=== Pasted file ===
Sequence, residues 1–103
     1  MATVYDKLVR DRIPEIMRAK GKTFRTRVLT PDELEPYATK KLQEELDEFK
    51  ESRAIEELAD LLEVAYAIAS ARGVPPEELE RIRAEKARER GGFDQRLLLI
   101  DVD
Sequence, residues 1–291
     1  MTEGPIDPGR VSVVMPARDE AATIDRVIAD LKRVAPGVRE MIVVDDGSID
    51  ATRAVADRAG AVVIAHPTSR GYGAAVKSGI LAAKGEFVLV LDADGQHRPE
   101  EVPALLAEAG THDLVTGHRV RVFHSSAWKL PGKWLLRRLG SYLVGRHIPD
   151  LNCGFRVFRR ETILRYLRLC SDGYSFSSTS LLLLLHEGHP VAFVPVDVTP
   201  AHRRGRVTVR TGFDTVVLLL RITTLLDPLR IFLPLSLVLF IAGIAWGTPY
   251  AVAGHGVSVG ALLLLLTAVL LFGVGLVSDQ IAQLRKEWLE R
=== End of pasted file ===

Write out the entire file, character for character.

Sequence, residues 1–103
     1  MATVYDKLVR DRIPEIMRAK GKTFRTRVLT PDELEPYATK KLQEELDEFK
    51  ESRAIEELAD LLEVAYAIAS ARGVPPEELE RIRAEKARER GGFDQRLLLI
   101  DVD
Sequence, residues 1–291
     1  MTEGPIDPGR VSVVMPARDE AATIDRVIAD LKRVAPGVRE MIVVDDGSID
    51  ATRAVADRAG AVVIAHPTSR GYGAAVKSGI LAAKGEFVLV LDADGQHRPE
   101  EVPALLAEAG THDLVTGHRV RVFHSSAWKL PGKWLLRRLG SYLVGRHIPD
   151  LNCGFRVFRR ETILRYLRLC SDGYSFSSTS LLLLLHEGHP VAFVPVDVTP
   201  AHRRGRVTVR TGFDTVVLLL RITTLLDPLR IFLPLSLVLF IAGIAWGTPY
   251  AVAGHGVSVG ALLLLLTAVL LFGVGLVSDQ IAQLRKEWLE R